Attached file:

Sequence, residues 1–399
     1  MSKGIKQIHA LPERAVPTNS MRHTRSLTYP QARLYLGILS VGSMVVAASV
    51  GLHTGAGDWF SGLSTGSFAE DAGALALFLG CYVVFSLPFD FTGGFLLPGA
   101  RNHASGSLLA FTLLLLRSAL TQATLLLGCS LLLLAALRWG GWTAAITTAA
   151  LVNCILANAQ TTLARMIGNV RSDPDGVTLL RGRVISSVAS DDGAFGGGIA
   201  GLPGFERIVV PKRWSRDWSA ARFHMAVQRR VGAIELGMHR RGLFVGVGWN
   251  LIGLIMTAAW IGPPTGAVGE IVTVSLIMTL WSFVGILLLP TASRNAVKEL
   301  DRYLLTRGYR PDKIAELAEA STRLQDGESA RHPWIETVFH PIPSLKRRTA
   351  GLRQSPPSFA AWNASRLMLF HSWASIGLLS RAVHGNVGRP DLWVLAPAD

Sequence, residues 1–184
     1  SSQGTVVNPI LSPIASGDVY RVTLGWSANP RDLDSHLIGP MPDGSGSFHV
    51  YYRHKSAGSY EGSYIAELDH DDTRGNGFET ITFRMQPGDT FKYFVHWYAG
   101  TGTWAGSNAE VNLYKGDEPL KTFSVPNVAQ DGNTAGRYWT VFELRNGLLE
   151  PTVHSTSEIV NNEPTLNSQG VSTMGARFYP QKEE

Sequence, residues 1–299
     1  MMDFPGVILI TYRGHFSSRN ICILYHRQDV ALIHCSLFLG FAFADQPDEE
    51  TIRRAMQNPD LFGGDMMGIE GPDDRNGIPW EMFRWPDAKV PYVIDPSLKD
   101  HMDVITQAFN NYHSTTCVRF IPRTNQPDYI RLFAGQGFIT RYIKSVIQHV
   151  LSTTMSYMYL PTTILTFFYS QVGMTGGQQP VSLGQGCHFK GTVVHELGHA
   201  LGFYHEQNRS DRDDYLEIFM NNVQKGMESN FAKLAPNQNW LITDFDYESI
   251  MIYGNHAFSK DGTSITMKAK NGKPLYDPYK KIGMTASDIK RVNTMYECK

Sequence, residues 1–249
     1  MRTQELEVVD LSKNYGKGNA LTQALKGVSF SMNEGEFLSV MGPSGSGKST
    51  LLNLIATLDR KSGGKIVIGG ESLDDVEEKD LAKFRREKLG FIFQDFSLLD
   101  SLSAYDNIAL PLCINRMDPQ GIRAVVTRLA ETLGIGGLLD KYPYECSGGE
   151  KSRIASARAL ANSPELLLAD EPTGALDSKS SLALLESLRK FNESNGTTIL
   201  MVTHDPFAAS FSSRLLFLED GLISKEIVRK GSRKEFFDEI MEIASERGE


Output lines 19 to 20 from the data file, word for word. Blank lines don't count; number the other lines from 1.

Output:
   151  LSTTMSYMYL PTTILTFFYS QVGMTGGQQP VSLGQGCHFK GTVVHELGHA
   201  LGFYHEQNRS DRDDYLEIFM NNVQKGMESN FAKLAPNQNW LITDFDYESI